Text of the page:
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Wednesday, August 26, 2015

dusting off the piano














Haydn Piano Sonata in c minor, hello old friend, I've missed you. It's been a while, probably 15 years since my fingers have attempted you, but amazingly you are still there, lying dormant, waiting. My fingers have not forgotten you and neither have I.  Haydn’s piano sonatas, so often overshadowed by Mozart’s and Beethoven’s offerings, but so full of grace and delicacy, muscularity and depth of feeling.  Having browsed through some more contemporary and ‘popular’ piano music (think Nyman) I am so happy to delve into this music that sits so perfectly under my fingers.  No awkward twists and turns that make little sense under a human hand, this music lives when it is played and what a feeling to again dive into it.   I played through one of Messiaen’s Vingt Regards the other day and felt such happiness to be back inside this music, these crystalline sounds and inspired construction.  And then there is Bach, always Bach.  From my first Minuet from the Children’s Bach, to the slow movement of the Italian Concerto, to the dense complexities of some of the more hairy preludes and fugues, I always come back to Bach.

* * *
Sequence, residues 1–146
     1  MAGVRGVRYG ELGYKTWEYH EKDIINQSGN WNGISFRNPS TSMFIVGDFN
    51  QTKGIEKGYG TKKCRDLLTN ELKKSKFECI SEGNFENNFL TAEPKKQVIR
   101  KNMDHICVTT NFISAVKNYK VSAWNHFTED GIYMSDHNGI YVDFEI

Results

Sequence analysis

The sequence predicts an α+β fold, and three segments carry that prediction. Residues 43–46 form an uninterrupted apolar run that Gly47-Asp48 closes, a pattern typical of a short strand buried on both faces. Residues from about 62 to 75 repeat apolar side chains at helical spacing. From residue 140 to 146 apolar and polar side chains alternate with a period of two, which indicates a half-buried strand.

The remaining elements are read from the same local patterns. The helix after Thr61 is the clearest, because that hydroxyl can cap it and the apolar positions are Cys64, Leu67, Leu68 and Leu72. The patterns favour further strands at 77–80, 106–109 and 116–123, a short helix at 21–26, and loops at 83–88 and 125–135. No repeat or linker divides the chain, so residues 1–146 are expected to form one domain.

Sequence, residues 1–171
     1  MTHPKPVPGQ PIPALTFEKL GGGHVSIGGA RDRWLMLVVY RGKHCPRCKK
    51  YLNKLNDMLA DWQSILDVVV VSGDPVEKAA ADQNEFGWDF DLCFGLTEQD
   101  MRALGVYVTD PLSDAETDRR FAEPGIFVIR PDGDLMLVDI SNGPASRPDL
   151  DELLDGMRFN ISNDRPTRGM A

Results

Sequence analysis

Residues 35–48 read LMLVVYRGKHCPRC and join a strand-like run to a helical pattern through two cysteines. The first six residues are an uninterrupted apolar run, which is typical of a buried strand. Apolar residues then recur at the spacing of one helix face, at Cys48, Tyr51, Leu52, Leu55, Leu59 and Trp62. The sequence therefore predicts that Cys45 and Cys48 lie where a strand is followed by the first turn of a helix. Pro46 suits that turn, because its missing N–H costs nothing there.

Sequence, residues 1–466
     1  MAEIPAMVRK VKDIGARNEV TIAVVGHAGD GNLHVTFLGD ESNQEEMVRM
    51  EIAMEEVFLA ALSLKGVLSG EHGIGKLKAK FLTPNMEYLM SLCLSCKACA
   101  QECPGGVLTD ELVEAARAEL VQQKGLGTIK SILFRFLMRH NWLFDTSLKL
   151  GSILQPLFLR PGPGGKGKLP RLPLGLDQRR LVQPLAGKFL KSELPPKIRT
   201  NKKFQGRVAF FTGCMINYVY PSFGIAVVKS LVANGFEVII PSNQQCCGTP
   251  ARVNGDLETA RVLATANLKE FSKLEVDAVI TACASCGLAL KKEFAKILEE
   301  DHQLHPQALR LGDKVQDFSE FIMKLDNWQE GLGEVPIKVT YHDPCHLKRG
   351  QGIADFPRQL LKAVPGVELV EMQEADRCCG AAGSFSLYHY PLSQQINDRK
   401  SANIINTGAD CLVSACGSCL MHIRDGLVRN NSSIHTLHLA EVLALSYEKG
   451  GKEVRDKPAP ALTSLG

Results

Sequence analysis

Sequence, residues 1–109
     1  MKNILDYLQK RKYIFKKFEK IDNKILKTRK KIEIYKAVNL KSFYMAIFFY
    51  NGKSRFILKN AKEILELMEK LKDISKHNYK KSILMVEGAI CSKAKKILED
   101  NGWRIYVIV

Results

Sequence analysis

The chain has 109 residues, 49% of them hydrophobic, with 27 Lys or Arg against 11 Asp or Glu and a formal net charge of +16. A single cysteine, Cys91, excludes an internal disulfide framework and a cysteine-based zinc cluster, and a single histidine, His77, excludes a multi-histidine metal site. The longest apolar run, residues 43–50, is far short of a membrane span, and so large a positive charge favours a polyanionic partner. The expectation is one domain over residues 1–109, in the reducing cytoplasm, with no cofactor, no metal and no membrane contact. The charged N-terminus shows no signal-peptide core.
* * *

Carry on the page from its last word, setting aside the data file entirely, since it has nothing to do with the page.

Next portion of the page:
My relationship with the piano is a fraught one.  There is love and loss and guilt and self-criticism and love and disappointment.  Do other musicians (lapsed and otherwise) feel this way?  I look at my piano and I can almost hear it calling out to me, my fingers yearn to play it, there is something like an ache of longing and also an avoidance, a reproach, a turning away.